2. Measure your emotional resolve: For investors with a long term plan who are invested in in suitable, resilient, diversified portfolios, we do not recommend “panic selling” 100% out of their portfolio into cash after a correction, which can lead to significant underperformance over time and not meeting your long term goals.
During the August market correction, Burt White, CIO of LPL Financial summed up investor behavior nicely in one tweet: “If you wake up in the morning, see the news and think “maybe I should sell everything- it’s either too late or a bad decision.”
We find that time after time, many investors’ significant underperformance is correlated to their own emotional behavior, more so than the performance of the markets themselves.
In economics and decision theory, loss aversion refers to people’s tendency to strongly prefer avoiding losses to acquiring gains. This can lead investors to buy and sell at the wrong times. A robust market correction is a great time to put on your life jacket and check your emotional resolve as a test run for more severe market volatility in the future.
Like a roller-coaster, our average speed over time may be 30 MPH, but sometimes we may be going 70MPH downhill or 10 MPH up hill. Our goal is to make sure our clients can stomach the risk level they selected and don’t end up jumping off the roller coaster (or boat) at the wrong time.
3. Discount the headlines: How you put market corrections and crashes in perspective vs the hurricane -like financial news reports can help to suppress your fears and anxiety.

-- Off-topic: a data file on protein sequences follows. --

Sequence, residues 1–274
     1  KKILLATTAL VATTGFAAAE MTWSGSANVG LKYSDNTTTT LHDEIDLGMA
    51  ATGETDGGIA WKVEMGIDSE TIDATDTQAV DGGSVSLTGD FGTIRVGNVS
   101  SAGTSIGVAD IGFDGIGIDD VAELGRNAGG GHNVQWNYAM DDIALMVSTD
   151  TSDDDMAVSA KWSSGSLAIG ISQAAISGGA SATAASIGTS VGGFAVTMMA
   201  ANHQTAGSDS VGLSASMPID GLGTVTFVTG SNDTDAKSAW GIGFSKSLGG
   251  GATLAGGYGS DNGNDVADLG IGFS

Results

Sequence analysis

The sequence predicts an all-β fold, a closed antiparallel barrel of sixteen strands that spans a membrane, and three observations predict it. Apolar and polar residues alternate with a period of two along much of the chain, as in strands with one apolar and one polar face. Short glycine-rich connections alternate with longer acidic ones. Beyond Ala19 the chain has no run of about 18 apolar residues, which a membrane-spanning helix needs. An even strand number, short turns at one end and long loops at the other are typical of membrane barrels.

When the Dow DJIA fell by 531 points on Friday August 21st, many TV shows and news headlines were utilizing scary terms like “bloodbath” and “death cross” for this pithy 3% market move.By comparison, when the Dow lost 508 points on Black Monday in October 1987, it was a selloff of about 22% in one day.
We remind our clients to pay “some”attention to the chicken-little news reports, but don’t over analyze what the talking heads are saying. None of them can correctly predict what the future holds for the stock market any more than you can correctly predict who will win the Super bowl.
Just remember, outside of the start of football season, the Presidential debates or an approaching hurricane, market swings equal huge ratings.
After stocks have gone up 4 straight years without a correction, the current decline is a painful but necessary step to “clear out” any market excess while paving the way for further advances.
Whether your management strategy is do-it-yourself (DIY), Robo-Advisor or a Human Financial Advisor, consider to view market corrections as a great time for an “emergency drill” and opportunity to step back and review your current results and procedures against your short term feelings about risk and long term financial goals.
You cannot invest directly in an index. Past performance is no guarantee of future returns. Diversification does not ensure a profit or guarantee against loss.
The information given herein is taken from sources that IFP Advisors, LLC, dba Independent Financial Partners (IFP), IFP Securities LLC, dba Independent Financial Partners (IFP), and its advisors believe to be reliable, but it is not guaranteed by us as to accuracy or completeness. This is for informational purposes only and in no event should be construed as an offer to sell or solicitation of an offer to buy any securities or products. Please consult your tax and/or legal advisor before implementing any tax and/or legal related strategies mentioned in this publication as IFP does not provide tax and/or legal advice. Opinions expressed are subject to change without notice and do not take into account the particular investment objectives, financial situation, or needs of individual investors. This report may not be reproduced, distributed, or published by any person for any purpose without Ulin & Co. Wealth Management’s or IFP’s express prior written consent.